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    The Yellow River gets it's start in Gwinnett County, runs through the eastern tip of Dekalb and through Rockdale and Newton Counties on its way to Lake Jackson. Like the South and Chattahoochee Rivers, the Yellow winds through some heavily populated areas, yet shows far less wear and tear than other urban rivers. Portions of the Yellow contain a good bit of trash and sometimes a faint smell of chlorine taints the air, but overall, the Yellow is a fine stream for most species of fish and an entertaining place to paddle. 

This chunky Yellow River largemouth and a few carbon copies fell prey to a spinnerbait on a late-June float.

    Largemouth are the primary bass species, but spotted bass (illegally introduced to L. Jackson in the 1990's) are slowly discovering the Yellow and can appear as far upstream as the dam below GA 81 at Porterdale. The dam, by the way, requires a pretty tough portage around the right, across someone's property, and to the base of the shoals, which are Class II when there's enough water to run them. The best idea is to make GA 81 the end of your trip rather than the beginning. Another dam exists just downstream of GA 20 in Milstead. It may be possible, but there is no safe way to portage this dam. It is possible to access the river below the dam off Yarbrough Rd. but this is a lot of work and the neighborhood here is rather rough. On the bright side, the two dams provide great fishing opportunities on the upstream sides, and current is usually minimal.

What the...? This nice yellow perch didn't want the bass to eat all the spinnerbaits, so he ate one too! Hmmm...wonder how the ice-fishing is on the Yellow?

    The Yellow provides good fishing for crappie, hybrid and white bass in the spring from Lake Jackson all the way up to Porterdale. The whites and hybrids don't seem to stack up in the thousands like they do in some other rivers this time of year, but the action is usually steady. Bream (mostly redbreast and bluegill) and catfish populations are excellent on the Yellow, and if you catch a species of fish you've never seen before, it may just be a yellow perch (see picture). I was unaware that yellow perch existed this far south, but apparently I was wrong!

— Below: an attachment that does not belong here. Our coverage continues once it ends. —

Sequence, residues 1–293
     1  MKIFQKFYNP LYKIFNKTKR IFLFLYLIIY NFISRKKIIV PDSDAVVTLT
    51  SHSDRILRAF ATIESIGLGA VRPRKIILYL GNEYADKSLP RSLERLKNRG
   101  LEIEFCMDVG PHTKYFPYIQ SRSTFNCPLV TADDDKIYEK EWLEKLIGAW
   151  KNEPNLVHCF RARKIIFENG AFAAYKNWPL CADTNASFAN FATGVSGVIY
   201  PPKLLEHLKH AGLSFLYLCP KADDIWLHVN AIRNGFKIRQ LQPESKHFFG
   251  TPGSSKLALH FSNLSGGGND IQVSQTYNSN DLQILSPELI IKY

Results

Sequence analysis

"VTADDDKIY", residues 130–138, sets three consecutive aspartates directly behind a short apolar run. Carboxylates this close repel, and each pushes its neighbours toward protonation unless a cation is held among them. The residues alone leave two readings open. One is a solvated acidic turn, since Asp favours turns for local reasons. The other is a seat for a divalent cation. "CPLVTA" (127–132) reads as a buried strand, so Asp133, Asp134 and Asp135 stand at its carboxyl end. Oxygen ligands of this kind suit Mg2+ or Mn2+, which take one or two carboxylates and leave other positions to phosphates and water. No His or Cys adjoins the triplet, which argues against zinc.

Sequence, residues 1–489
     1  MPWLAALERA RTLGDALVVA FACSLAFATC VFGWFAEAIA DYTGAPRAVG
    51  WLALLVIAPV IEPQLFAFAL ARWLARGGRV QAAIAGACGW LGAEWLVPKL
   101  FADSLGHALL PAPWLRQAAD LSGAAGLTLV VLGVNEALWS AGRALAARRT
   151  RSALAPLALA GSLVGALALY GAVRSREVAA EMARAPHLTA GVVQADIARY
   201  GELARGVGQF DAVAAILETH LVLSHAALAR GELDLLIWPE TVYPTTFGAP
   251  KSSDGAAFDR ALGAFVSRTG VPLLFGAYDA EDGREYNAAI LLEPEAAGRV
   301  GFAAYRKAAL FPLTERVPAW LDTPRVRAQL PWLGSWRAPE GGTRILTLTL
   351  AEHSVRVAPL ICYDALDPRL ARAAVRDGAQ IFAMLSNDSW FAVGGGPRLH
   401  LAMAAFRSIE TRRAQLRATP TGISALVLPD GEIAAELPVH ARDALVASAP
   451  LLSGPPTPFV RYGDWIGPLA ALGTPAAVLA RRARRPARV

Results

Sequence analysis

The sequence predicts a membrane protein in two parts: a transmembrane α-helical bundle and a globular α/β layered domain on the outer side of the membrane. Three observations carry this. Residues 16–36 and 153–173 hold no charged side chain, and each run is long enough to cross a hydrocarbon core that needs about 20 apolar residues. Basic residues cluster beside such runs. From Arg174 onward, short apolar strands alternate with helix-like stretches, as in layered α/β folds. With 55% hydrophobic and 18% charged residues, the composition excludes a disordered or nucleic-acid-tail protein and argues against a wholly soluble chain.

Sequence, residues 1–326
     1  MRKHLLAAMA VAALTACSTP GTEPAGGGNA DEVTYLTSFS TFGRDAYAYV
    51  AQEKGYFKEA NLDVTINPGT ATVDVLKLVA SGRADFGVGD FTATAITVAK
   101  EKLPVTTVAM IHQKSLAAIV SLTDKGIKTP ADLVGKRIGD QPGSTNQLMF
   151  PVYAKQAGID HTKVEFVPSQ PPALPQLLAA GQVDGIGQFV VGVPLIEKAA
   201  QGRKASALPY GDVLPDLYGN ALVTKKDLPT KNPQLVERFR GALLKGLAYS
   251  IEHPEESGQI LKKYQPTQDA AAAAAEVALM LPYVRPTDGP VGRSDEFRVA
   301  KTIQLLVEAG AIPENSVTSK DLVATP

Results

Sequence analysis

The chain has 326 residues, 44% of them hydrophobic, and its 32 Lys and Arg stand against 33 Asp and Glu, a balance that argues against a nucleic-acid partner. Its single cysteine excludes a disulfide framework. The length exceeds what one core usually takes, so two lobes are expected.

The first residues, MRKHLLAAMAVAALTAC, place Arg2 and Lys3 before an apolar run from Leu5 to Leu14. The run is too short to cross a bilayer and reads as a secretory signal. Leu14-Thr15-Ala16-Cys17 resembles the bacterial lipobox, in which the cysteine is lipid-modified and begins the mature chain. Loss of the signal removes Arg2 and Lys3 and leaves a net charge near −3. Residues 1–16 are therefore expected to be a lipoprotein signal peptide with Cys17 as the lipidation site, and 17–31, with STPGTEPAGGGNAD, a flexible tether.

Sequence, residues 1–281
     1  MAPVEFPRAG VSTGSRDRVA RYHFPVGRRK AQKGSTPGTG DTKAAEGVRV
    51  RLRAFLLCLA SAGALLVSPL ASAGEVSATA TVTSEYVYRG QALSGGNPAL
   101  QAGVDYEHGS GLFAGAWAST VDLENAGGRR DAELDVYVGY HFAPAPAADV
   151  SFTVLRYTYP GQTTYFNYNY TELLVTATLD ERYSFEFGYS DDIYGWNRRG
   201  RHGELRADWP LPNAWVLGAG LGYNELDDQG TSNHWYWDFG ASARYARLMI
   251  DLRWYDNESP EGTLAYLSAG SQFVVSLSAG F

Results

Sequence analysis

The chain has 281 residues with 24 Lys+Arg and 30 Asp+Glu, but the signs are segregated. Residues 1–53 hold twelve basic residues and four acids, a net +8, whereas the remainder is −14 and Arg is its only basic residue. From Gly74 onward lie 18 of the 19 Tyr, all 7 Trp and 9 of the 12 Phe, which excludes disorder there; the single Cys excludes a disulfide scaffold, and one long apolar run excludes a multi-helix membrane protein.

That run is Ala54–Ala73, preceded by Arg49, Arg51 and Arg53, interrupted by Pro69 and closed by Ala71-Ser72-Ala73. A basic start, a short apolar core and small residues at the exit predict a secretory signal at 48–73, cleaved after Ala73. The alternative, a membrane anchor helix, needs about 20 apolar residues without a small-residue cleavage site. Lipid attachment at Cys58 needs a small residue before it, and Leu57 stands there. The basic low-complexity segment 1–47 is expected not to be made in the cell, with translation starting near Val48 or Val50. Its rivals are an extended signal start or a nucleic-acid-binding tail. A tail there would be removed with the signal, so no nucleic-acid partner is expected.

The Yellow is generally runnable downstream from the Conyers area, and there are lots of launch points ranging from very easy to darn near impossible. Make sure you do your homework before floating the Yellow and try not to have a dam in the middle of your float trip. Other than a few logjams, the dams are the only real obstacles on the Yellow. The only serious rapids lie just below the dams, and these aren't too bad unless the river is really high. Most any type of river craft will work on the Yellow, including small motorized boats. Despite it's name, the Yellow usually runs green and fairly clear, although it does get yellow after heavy rains. The Yellow stays rather intimate through most of it's course, only exceeding 60 or so feet in width near Lake Jackson and upstream of the dams.

    The Yellow is living proof that great rivers can coexist with lots of people. The fishing is pretty darn good and the Yellow is convenient for a large number of people. One indicator of the Yellow's health is the presence of redeye bass in some upper sections of the river. I was surprised and heartened to catch a few while researching the Yellow and hope that there are a few redeyes left in the South River, too. The Yellow has proven to be a fun river to explore and a very pleasant surprise where the fishing is concerned!

Editor's Note: Be careful when floating the Yellow upstream from Yellow River Park in Gwinnett County. There are some Class III rapids between Highway 78 and the park.


This picture was taken below the dam at Milstead downstream of GA 20. If you reach this spot on a float trip, you are either dead or your hospital room has a computer in it. There's no good way around this dam! 


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